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'Mashaal' Marshals On Through Floods

Pakistan -- the floods have created extreme conditions for Radio Mashaal's reporters to deal with.
Radio Mashaal’s Ghilzai Amanullah describes some of the difficulties of reporting during the massive floods in Pakistan.

We have seen the dramatic images of the floods and the difficulty in getting aid to the people. How has Radio Mashaal been able to reach the affected areas?

Of course the floods have made things difficult for our reporters. Some reporters in the mountains of the Northwest have walked one or even two hours to get their story. This is not as abnormal as it may sound, as people who live in the mountains are used to walking a lot. Many wear special shoes made of leather and tires called sapi, like the Spanish zapato. But needless to say, the current conditions are especially challenging. In other places reporters had to get out and push their cars through the water. Sometimes locals helped them push their vehicles.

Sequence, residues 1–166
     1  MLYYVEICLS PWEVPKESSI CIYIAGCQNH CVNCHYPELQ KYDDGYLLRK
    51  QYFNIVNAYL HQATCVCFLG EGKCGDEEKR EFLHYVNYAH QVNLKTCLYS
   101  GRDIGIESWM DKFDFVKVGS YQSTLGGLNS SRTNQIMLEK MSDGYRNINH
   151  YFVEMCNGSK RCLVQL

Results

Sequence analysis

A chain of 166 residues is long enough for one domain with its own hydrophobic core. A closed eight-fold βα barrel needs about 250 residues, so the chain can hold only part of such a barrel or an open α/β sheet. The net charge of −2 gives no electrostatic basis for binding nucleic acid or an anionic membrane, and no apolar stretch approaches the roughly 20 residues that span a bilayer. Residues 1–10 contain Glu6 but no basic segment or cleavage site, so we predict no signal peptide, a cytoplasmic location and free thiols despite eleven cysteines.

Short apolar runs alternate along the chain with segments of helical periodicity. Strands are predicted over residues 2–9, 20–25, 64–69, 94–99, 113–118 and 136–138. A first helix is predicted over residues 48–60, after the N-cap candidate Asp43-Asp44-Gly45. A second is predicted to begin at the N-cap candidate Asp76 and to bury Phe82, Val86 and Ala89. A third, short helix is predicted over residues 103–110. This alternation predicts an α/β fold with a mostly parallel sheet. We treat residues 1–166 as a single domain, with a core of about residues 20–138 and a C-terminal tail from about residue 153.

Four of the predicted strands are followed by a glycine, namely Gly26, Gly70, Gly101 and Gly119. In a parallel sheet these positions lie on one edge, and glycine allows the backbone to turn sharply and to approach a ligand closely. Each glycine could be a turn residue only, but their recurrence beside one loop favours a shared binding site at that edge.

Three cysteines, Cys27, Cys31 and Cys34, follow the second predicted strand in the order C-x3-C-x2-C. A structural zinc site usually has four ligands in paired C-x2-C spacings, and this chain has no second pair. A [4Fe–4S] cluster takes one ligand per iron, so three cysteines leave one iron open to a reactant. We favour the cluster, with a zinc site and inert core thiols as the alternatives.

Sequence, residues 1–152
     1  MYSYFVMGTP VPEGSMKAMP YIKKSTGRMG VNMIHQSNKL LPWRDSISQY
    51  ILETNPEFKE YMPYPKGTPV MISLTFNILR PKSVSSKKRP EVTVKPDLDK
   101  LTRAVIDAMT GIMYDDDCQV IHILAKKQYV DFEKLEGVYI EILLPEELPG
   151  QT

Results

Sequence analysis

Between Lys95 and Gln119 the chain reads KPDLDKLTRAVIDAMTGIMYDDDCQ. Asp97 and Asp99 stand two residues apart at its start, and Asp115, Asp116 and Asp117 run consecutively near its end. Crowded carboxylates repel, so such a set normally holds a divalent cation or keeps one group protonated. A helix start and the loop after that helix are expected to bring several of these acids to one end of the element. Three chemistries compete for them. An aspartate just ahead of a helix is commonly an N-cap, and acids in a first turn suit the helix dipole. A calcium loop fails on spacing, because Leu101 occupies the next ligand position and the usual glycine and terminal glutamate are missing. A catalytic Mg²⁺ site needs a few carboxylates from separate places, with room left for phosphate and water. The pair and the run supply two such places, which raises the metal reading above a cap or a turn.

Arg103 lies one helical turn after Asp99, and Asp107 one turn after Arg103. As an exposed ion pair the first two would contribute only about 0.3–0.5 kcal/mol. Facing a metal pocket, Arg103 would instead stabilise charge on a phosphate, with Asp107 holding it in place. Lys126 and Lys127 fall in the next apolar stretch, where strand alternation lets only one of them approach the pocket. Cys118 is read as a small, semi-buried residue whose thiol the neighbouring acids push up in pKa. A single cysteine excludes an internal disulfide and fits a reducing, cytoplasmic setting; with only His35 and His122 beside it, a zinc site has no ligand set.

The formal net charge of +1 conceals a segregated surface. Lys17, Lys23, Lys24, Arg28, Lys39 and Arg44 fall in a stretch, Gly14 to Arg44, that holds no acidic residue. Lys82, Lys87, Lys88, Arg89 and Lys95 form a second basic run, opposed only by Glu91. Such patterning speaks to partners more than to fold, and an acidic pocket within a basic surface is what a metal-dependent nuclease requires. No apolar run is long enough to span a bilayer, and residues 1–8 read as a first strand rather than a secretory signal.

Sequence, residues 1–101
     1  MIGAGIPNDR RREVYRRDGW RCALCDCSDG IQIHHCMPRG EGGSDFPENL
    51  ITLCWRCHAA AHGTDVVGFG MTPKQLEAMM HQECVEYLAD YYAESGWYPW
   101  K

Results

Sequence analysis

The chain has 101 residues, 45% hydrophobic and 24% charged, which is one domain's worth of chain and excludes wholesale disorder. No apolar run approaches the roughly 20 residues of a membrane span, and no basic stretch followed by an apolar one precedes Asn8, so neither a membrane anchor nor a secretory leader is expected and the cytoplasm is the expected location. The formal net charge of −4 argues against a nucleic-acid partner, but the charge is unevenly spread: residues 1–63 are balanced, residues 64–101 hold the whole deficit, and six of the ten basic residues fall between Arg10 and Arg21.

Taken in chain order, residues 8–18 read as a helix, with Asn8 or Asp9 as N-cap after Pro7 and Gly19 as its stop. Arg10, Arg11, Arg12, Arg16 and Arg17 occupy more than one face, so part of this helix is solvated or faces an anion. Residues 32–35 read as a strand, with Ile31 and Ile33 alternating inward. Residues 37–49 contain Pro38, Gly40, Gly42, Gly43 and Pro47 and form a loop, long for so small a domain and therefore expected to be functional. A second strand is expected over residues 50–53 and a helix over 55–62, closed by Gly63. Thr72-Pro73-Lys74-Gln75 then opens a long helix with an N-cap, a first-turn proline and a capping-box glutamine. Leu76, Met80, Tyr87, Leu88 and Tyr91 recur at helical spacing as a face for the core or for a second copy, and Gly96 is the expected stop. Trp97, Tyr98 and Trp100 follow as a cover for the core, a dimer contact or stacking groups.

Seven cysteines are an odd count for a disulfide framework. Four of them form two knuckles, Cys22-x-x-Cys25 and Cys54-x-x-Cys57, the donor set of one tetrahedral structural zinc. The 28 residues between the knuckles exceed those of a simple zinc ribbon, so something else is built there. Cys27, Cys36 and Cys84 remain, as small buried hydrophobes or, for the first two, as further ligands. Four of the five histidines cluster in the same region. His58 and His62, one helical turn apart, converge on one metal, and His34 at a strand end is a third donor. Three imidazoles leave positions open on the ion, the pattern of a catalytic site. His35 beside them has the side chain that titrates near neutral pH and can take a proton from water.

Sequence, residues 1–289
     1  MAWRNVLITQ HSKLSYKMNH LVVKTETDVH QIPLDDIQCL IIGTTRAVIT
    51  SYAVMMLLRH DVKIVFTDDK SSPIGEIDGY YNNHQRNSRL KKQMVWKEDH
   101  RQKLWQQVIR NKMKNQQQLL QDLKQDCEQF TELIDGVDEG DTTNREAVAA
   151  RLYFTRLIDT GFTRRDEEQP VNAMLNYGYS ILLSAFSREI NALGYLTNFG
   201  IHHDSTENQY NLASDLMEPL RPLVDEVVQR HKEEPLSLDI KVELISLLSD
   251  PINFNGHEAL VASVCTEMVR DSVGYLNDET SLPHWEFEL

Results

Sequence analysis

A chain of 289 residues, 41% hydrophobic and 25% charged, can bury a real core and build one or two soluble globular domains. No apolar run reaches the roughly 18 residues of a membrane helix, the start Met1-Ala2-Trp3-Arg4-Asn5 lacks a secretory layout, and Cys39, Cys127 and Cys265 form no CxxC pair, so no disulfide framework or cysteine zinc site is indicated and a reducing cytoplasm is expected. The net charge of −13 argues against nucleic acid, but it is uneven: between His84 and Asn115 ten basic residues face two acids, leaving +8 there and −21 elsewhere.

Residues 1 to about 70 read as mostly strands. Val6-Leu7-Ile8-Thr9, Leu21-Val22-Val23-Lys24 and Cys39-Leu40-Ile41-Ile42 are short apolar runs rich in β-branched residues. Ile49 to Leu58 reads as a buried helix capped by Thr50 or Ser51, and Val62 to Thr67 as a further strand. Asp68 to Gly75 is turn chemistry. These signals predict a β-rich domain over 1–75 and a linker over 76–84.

Despite these efforts, our reporters could not physically reach some areas. In some cases we just talked to stranded people on their cellphones, and we put some of them live on the air. Some callers had gone three days without food or water and were asking for help.
We are deeply invested in the people of this region, so deep its like we are sitting in their living rooms.

Does Radio Mashaal’s coverage differ from that of other media outlets?

We differ from the local media in two aspects: balance and depth. We cover stories from the region that are often ignored by others. Few in the Pakistani media mentioned, for example, that the U.S deployed helicopters to the crisis early on.

Secondly we do more in-depth coverage of the Northwest region, Radio Mashaal's area of focus. On a typical day the national news will put out a single story on this area, while we average 25 stories from the region per day. Also, much of Radio Mashaal's work focuses on investigative pieces.

We are deeply invested in the people of this region, so deep its like we are sitting in their living rooms. We have now launched a daily one-hour show focused on the reconstruction of Pakistan, where we plan to focus on a different community everyday so that we can get the views, worries and opinions of the people whose lives were changed by this disaster.

Were any of your reporters effected by the floods?

We had many reporters whose homes were flooded and whose families were forced to flee. Yet, most of our reporters worked non-stop when the story broke. Only after a few days did they ask for a day off to check on the damage to their own homes.

-- Joseph Hammond